BOSTON (Reuters) - The FBI on Tuesday is set to offer a reward for the recovery of two paintings by the New England artist N.C. Wyeth that were stolen from the home of a Maine collector two years ago, officials said.
The case dates to May 2013 when six oil paintings by Wyeth, the patriarch of a line of painters known for their Maine seascapes, were taken from the home of a prominent real estate developer in the state.
Additional details of the FBI's plans, including the amount of the reward, were not immediately available.
Three men have already pleaded guilty in federal courts in Maine and California to charges of trafficking in stolen goods for transporting the paintings to a Beverly Hills, California, pawn shop. Through them, four of the paintings have been recovered.
Born in Needham, Massachusetts, in 1882 Wyeth got his start as an illustrator of books and magazines and then gained acclaim for painting seascapes after settling in Port Clyde, Maine, on the state's rugged mid-coast, where he lived until his death in 1945.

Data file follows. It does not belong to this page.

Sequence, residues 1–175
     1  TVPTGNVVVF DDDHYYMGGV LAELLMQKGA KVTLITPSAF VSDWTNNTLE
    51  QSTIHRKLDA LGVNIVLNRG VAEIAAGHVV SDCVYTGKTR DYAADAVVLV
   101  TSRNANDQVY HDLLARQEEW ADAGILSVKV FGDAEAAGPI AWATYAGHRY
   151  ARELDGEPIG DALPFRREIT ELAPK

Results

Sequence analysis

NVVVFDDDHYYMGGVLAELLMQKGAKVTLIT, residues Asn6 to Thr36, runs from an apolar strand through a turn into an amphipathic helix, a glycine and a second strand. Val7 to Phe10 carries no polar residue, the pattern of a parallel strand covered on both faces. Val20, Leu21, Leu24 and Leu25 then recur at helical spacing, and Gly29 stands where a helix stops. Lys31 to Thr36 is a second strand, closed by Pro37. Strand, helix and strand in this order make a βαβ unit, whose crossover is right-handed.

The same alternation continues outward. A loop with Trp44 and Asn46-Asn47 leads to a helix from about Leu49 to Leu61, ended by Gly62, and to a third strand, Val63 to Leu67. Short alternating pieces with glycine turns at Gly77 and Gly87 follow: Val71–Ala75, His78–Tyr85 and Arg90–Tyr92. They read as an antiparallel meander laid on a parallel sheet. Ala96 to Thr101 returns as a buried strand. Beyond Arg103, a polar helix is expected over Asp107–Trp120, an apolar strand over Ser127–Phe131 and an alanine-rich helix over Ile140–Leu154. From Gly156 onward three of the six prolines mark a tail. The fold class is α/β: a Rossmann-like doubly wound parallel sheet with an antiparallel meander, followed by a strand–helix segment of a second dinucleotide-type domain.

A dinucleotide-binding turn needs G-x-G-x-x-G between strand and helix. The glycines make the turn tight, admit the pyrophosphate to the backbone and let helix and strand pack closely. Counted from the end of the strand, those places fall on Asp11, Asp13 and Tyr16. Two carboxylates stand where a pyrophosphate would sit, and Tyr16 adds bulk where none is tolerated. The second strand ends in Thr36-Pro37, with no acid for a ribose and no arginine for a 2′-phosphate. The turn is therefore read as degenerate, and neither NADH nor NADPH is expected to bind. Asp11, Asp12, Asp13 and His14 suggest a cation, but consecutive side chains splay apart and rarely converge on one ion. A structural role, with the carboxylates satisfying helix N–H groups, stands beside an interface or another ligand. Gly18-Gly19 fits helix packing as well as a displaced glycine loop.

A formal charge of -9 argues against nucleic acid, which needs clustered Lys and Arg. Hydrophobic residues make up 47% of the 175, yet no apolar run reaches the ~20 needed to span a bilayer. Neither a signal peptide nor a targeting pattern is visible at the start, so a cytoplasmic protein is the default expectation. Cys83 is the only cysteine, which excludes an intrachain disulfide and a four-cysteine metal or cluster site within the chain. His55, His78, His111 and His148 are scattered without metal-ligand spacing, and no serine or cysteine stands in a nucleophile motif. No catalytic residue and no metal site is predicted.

Three of Wyeth's five children, Andrew, Henriette and Carolyn also became noted artists, as did his grandson, Jamie. The family's work features prominently in museums popular with tourists in Portland and Rockland, Maine.
It is not the only case of stolen artwork facing the Boston office of the Federal Bureau of Investigation, which is also still working to determine who stole $500 million worth of art from Boston's Isabella Stewart Gardner Museum in a 1990 theft that stands as the largest art heist in U.S. history.
(Reporting by Scott Malone; Editing by Lisa Lambert)